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NFL Salary Cap Space: Buccaneers can spend $5 million

The Tampa Bay Buccaneers have some $12 million in salary cap space remaining, but they can only realistically spend a fraction of that this offseason.


Over the past few weeks, there have been large discrepancies between the 'official' NFLPA salary cap space report, and the independent estimates of places like Over The Cap, probably because of administrative delays in filing contract details. No, more however: both the NFLPA and Over The Cap have the Bucs at slightly over $12 million in cap space. That's before the Louis Murphy signing, but he shouldn't be much more expensive than the veteran minimum.

That doesn't mean the Bucs have $12 million in space left to spend, though. There's really no one they could spend that kind of cash on, anyway -- DeSean Jackson and Alex Mack are not realistic options and Gerald McCoy's extension shouldn't increase his cap number this year. They could add some depth (and probably should do so), but no one expensive is even available at this point. Even if they had that money, they couldn't really spend it.

No, the problem is that the Buccaneers need a significant amount of cap space to operate during the season. Incentives will hit the cap, as will some per-game bonuses, they'll need to pay their practice squad players, sign their rookie draft picks, and they will need to sign replacements for the inevitable injuries. This can add up quickly. As an example, the Bucs were sitting on a whopping $18.23 million in cap space by July of last year, but they ended the season with just $6.8 million. That's a difference of $11.4 million.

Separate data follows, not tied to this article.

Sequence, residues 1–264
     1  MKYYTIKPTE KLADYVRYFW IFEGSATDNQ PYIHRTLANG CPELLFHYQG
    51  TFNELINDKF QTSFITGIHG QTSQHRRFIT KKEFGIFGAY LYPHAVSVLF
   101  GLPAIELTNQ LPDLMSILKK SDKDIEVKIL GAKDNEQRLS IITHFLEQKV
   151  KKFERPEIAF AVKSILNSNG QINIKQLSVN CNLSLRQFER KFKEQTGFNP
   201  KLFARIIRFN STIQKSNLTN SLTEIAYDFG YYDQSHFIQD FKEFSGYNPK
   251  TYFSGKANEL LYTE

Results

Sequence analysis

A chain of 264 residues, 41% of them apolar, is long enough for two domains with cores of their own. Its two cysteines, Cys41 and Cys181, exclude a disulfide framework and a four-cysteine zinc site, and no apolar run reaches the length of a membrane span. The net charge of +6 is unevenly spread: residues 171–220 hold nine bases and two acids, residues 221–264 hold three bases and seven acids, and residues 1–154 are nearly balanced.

That's a bit of an extreme case, but you do need some space to work during the season. One example of how this happens is Connor Barth. After a restructure last season, he counts for $2 million against the salary cap right now. However, he can earn $1.15 million in per-game roster bonus, which will hit the cap as they occur. Of course, Barth may become a cap casualty with time and they could create more space by replacing Michael Koenen, too. But those are eventualities, and not realistic options until they've added those replacements.

Overall, I'd give a rough estimate that the Buccaneers have some $5 million they can safely spend this offseason. They will need $3 million to sign their rookie draft picks (per Over The Cap), they'll need another $1.15 million for Connor Barth, around $1.5 million to pay their practice squad players and the 52nd and 53rd players on the roster (in the offseason, only the top 51 contracts count). That's a minimum of $5.65 million we can subtract from the $12 million they have available, and that's before they have to sign injury replacements. Oh, and we're not counting Louis Murphy yet.

$5 million may even be a conservative estimate, but they can cut a few players to make more room. Regardless, one thing is clear: the Bucs are basically done spending at this point.